What young people think about mental health support in Enfield

Download (PDF 5.75MB)

Summary of report content

Healthwatch Enfield engaged with young people, parents and carers, and youth and community workers using semi-structured focus groups and a survey (for the parents) from July 2015 to October 2015. The aim was to listen to and evaluate their awareness, perception and experiences of mental health services and produce a report, with recommendations based on this feedback highlighting the strengths and weaknesses of the current system. This report would be presented to the Enfield Joint Commissioning Board, Enfield Health and Wellbeing Board, and service providers for their responses. The 25 young people that participated were between the ages of 12 and 22 years old. Healthwatch Enfield found that the lack of awareness of conditions, treatment and support causes difficulties for young people and their parents/carers and there is the potential for conditions to escalate due to lack of early intervention. The long waiting list for CAMHS and the lack of support between appointments is leaving young people vulnerable and distressed. Also, a couple of service-users raised issues about the focus on medication rather than therapy. There is significant stigma around mental illness and terms are used negatively with little challenge in schools and other settings. Also, sufficient funding is needed for grants or commissioned services. Many young people said they do not find the staff in educational environments approachable or skilled in signposting and feel they lack the capacity and resources to guide young people. They said that parents do not understand the situation of young people and have insufficient awareness to adequately believe or recognise their experiences. Most young Enfield participants raised fears about lack of security or confidentiality in using online sites. In general, young people who had used mental health services such as CAMHS found the quality of services to be good. The report makes several recommendations along with strategies as part of the Joint Commissioning Board Draft Strategy for Emotional Well-being and Adolescent Mental Health for 0-18 year old in Enfield 2015-2020.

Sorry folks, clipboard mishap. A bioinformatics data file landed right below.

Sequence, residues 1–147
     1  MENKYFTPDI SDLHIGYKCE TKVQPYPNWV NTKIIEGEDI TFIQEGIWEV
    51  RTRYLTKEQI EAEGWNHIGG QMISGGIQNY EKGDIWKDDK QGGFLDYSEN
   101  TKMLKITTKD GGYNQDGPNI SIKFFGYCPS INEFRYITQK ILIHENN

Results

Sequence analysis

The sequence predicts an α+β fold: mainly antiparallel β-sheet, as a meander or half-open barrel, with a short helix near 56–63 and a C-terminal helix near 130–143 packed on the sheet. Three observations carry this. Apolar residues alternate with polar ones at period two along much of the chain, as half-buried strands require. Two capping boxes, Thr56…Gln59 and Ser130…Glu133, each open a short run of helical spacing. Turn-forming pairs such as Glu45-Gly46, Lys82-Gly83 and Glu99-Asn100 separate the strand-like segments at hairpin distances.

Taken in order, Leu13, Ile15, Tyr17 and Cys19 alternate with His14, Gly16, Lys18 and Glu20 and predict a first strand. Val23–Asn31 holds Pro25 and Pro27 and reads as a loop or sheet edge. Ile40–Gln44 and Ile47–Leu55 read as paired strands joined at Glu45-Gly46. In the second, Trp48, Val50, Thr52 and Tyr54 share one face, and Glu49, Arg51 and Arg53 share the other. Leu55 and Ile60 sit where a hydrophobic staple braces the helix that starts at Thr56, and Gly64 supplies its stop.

Would you like to look at:

General details

Report title 
What young people think about mental health support in Enfield
Local Healthwatch 
Healthwatch Enfield
Date of publication 
Tuesday, 1 December, 2015
Date evidence capture began 
Wednesday, 1 July, 2015
Date evidence capture finished 
Thursday, 22 October, 2015
Type of report 
Key themes 
Lifestyle and wellbeing
Quality of treatment
Healthwatch reference number 

Methodology and approach

Was the work undertaken at the request of another organisation? 
Primary research method used 
Focus group
How was the information collected? 

Details of health and care services included in the report

Mental health services 
Child and adolescent mental health services (CAMHS)

Details about conditions and diseases

Types of disabilities 
Mental health
Types of long term conditions 
Mental health condition

Details of people who shared their views

Number of people who shared their views 
Age group 
Specific ethnicity if known 
Sexual orientation 
Not known
Does the information include public's views? 
Does the information include carer's, friend's or relative's views? 
Does the information include staff's views? 
Types of health and care professionals engaged 
Care / support workers
Does the information include other people's views? 
What was the main sentiment of the people who shared their views? 

Outcomes and impact

Were recommendations made by local Healthwatch in the report? 
Does the information contain a response from a provider? 
Is there evidence of impact in the report? 
Is there evidence of impact external to the report? 

Network Impact
Relationships that exist locally, regionally, nationally have benefited from the work undertaken in the report
Implied Impact
Where it is implied that change may occur in the future as a result of Healthwatch work. This can be implied in a provider  response, press release or other source. Implied impact can become tangible impact once change has occurred.
Tangible Impact
There is evidence of change that can be directly attributed to Healthwatch work undertaken in the report.